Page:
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Why Hurricane Florence Will Stall or Move Erratically
Published: September 14, 2018
Hurricane Florence will slow to an agonizing crawl, lashing the Carolinas and parts of the Southeast with prolific rain, storm-surge flooding and destructive winds.
Then there are those that stall, meander or move slowly. Harvey in 2017 is the ultimate recent example.
(MORE: Complete Florence Forecast)
Unfortunately, Florence is in that sluggish category.
One Steering Wheel Lost
In the Atlantic Basin, hurricanes are typically steered by the sprawling Bermuda-Azores high, which stretches over vast sections of the Atlantic Ocean.
Florence was being steered toward the coast of the Carolinas by a strong dome of high pressure aloft over the western Atlantic Ocean, off the northeastern U.S. coast.
That strong high-pressure dome, however, has weakened. When that happens, a hurricane loses its steering wheel.
And it slows down.
You can see that in the forecast cone, with very little movement of Florence late this week and early in the weekend.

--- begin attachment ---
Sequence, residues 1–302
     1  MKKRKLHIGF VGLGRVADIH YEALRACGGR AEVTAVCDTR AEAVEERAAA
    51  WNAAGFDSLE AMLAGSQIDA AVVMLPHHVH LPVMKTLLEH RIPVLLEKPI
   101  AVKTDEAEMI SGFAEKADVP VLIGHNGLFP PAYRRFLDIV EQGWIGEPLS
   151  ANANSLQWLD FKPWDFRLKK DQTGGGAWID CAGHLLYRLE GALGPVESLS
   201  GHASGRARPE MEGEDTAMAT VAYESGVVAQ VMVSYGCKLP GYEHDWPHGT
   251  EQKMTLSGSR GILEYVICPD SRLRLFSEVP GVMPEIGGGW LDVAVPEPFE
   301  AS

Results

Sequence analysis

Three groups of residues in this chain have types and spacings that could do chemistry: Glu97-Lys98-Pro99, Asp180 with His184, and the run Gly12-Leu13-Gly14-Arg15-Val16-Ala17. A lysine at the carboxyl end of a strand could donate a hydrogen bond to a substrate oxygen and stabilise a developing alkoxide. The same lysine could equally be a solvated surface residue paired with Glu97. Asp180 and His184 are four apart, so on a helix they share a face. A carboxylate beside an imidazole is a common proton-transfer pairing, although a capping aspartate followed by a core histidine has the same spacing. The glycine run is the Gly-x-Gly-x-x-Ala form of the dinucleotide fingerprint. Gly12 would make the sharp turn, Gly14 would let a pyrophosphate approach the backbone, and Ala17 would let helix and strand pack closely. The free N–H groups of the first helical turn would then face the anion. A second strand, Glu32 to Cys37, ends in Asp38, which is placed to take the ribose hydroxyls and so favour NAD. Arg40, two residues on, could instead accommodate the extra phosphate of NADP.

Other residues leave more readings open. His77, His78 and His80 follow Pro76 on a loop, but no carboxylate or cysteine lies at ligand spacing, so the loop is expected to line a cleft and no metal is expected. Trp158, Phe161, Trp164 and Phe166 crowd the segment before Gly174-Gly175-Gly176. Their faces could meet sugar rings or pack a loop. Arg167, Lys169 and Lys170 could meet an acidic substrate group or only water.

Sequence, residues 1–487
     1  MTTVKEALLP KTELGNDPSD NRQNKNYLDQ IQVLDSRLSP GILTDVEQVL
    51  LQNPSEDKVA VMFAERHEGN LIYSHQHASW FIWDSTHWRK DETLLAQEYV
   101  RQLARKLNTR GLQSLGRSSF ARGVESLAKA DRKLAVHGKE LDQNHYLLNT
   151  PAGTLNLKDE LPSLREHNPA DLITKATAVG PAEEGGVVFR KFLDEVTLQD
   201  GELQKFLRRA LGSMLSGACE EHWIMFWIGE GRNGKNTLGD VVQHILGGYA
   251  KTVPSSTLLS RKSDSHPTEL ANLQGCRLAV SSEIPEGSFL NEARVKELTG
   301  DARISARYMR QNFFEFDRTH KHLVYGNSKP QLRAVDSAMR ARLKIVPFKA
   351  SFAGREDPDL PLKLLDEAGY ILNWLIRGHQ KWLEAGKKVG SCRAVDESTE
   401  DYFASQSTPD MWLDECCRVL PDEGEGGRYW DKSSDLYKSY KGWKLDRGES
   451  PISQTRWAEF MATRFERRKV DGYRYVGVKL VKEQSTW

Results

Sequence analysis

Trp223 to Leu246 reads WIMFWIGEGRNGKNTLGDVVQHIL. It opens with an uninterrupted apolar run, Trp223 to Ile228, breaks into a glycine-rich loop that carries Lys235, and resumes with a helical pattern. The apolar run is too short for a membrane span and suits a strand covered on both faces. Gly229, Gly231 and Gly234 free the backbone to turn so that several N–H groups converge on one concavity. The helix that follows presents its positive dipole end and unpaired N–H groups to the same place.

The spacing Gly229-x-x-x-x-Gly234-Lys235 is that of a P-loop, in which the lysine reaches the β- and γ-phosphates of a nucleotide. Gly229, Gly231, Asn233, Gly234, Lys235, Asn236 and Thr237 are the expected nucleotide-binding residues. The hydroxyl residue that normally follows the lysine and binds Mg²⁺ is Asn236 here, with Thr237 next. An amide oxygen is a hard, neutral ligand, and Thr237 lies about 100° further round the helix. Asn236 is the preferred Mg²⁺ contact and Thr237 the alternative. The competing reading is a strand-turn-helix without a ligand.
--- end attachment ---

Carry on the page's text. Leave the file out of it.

New Steering Wheel Installed
Once a new steering wheel in the atmosphere is installed, so to speak, Florence can finally gain some forward speed.
This weekend, another dome of high pressure aloft building over the Midwest and Great Lakes finally begins to shove Florence westward into the Southeast the rest of the weekend.
As that new steering high then shifts off the East Coast, Florence or its remnant will then be pulled around its western edge early next week.
All of this is subject to change slightly, so check back for updates.
The upshot of this stall is, unfortunately, long-lived, destructive impacts, including:
- Potentially catastrophic flooding from several feet of rain.
- Life-threatening storm-surge flooding, with water levels remaining high along and near the coast for multiple high-tide cycles in areas of onshore winds.
- Damaging winds, leading to widespread power outages that could last for days.
Florence Rainfall Outlook
Check back with weather.com for updates on Florence's forecast.
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